Detectives have today commented on the sentencing of two Coleraine men for drugs offences related to the manufacture and supply of Class A drugs.
John McAuley, 35, from Coleraine, was sentenced to 32 months imprisonment, 14 months in custody and 18 months on licence, after pleading guilty to being concerned in the production of a Class A controlled drug and conspiracy to supply a Class A drug at Antrim Crown Court.
Adrian Hanna, 34, also from Coleraine, was sentenced to 28 months imprisonment, 12 months in custody and 16 months on licence, after pleading guilty to being concerned in the production of a Class A controlled drug.
A third person, Tracey Hook, aged 31, who was Hanna’s partner at that time, was sentenced to 12 months imprisonment, suspended for 3 years, on Tuesday 25 April, 2017, after pleading guilty to the offence of occupier of premises permitting production of a Class A controlled drug.
All three were arrested by officers as part of an investigation into Organised Crime in the Coleraine and Portstewart areas in February 2016. When police searched an address in Taylor’s Row in Coleraine, they found, in a locked garage, a cocaine press with traces of white powder, later identified as cocaine, two sets of Salter digital scales, a blender, 1.7kgs of cutting agents confirmed to be benzocaine, caffeine and creatine, multiple plastic bags, a knife, a pair of rubber gloves and a white plastic bucket. A small quantity of cocaine was also found in a bedroom.
Commenting on the culmination of the case, Detective Inspector Tom McClure, from PSNI’s Reactive and Organised Crime Branch, said: “The sentences handed down today to Adrian Hanna and John McAuley should act as a deterrent to those who are involved in the production of drugs in our communities. Cocaine was being produced in the garage of a house where young children were living. This was extremely irresponsible as those children could have been exposed to toxic substances.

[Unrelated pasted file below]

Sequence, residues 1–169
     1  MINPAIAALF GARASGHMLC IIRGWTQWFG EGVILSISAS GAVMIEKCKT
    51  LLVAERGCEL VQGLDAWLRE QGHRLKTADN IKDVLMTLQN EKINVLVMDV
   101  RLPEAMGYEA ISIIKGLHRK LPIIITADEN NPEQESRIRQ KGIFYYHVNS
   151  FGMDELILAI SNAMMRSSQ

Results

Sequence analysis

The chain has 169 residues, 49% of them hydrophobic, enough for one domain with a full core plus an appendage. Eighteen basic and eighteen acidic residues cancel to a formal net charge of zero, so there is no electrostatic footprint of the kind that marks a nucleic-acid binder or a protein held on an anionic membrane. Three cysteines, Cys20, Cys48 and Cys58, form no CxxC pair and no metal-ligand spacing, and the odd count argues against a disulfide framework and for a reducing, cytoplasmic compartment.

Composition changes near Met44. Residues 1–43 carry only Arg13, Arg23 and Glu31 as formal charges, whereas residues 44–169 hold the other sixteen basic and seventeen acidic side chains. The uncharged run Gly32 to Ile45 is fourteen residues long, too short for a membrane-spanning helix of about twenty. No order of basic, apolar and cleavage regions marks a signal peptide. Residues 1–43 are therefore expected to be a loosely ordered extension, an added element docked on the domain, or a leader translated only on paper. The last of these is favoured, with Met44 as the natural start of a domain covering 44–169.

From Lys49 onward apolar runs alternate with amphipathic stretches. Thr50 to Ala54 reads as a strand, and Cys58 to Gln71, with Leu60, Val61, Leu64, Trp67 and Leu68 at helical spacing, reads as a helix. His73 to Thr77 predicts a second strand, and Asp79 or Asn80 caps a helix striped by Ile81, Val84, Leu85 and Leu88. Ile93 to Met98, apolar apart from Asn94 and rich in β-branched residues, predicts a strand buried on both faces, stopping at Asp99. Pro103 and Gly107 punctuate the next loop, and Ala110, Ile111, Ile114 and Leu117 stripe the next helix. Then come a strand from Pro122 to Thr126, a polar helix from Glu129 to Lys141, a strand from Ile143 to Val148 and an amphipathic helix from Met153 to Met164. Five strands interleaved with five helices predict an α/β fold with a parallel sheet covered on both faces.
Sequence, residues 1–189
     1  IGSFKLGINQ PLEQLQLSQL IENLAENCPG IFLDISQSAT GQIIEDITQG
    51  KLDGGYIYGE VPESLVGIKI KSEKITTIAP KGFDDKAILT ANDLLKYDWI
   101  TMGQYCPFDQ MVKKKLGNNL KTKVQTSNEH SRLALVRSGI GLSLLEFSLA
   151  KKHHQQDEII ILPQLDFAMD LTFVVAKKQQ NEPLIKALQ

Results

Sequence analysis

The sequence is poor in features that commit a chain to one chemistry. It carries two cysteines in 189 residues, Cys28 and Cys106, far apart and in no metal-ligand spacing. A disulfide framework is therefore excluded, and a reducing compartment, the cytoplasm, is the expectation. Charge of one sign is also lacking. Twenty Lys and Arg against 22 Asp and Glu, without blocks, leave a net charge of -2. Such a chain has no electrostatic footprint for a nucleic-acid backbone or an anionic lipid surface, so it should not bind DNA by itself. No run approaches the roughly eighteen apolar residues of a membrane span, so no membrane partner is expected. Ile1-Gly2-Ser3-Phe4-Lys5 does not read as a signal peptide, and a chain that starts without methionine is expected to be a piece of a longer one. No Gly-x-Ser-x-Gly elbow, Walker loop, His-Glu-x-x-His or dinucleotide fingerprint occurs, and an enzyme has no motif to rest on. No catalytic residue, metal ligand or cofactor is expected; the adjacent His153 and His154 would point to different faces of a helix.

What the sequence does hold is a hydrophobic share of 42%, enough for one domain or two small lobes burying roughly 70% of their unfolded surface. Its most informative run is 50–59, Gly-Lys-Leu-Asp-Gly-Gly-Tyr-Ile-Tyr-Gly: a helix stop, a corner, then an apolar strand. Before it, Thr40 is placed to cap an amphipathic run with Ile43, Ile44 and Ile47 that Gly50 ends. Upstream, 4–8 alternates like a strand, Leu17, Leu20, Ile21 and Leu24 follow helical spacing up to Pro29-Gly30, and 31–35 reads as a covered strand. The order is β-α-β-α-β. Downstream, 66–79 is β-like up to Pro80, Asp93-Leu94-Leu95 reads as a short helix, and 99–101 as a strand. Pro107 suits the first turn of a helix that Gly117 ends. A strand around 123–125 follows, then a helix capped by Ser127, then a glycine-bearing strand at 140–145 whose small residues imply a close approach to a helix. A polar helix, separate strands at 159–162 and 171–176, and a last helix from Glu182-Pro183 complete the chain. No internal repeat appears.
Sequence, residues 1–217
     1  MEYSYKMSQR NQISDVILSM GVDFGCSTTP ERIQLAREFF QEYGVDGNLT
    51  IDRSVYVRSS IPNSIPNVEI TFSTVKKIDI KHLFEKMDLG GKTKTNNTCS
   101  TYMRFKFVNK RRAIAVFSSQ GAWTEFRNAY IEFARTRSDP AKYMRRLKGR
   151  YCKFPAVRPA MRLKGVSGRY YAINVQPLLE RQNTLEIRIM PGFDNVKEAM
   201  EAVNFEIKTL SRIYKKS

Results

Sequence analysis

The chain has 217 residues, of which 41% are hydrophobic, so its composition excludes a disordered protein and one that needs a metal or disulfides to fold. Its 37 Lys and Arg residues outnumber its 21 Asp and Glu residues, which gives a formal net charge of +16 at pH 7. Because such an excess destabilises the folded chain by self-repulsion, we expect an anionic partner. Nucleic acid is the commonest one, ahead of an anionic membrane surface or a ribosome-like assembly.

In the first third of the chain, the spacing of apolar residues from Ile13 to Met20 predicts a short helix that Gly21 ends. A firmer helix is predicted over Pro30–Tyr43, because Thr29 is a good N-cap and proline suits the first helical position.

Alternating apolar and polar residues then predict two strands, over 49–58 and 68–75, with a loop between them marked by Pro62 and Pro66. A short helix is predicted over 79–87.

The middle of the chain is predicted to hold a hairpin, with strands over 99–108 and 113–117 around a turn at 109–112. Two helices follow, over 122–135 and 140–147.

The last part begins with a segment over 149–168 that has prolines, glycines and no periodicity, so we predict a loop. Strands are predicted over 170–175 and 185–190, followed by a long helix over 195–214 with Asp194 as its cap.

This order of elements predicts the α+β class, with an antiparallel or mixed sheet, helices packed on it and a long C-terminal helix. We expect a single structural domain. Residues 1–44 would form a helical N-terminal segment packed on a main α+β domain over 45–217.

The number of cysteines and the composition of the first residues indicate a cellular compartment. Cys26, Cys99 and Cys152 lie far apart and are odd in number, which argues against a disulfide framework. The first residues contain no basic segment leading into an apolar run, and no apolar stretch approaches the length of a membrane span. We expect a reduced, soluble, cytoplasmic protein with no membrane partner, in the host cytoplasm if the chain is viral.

The public rightly expect us to take robust action against people involved in the production and supply of illegal drugs. The presence of a cocaine press, professional blender and various cutting agents is indicative of involvement in high end drugs supply. We believe that our timely intervention has prevented the distribution of Class A drugs which always have the potential to cause serious harm.
We will continue to seek out those individuals who are only interested in making money for their own personal gain and who do not care about the devastating impact drugs can have within our communities or the misery caused to the families of drug users.”
DI McClure urged anyone with information about the supply of illegal drugs to contact police on 101, or anonymously via Crime Stoppers on 0800 555 111.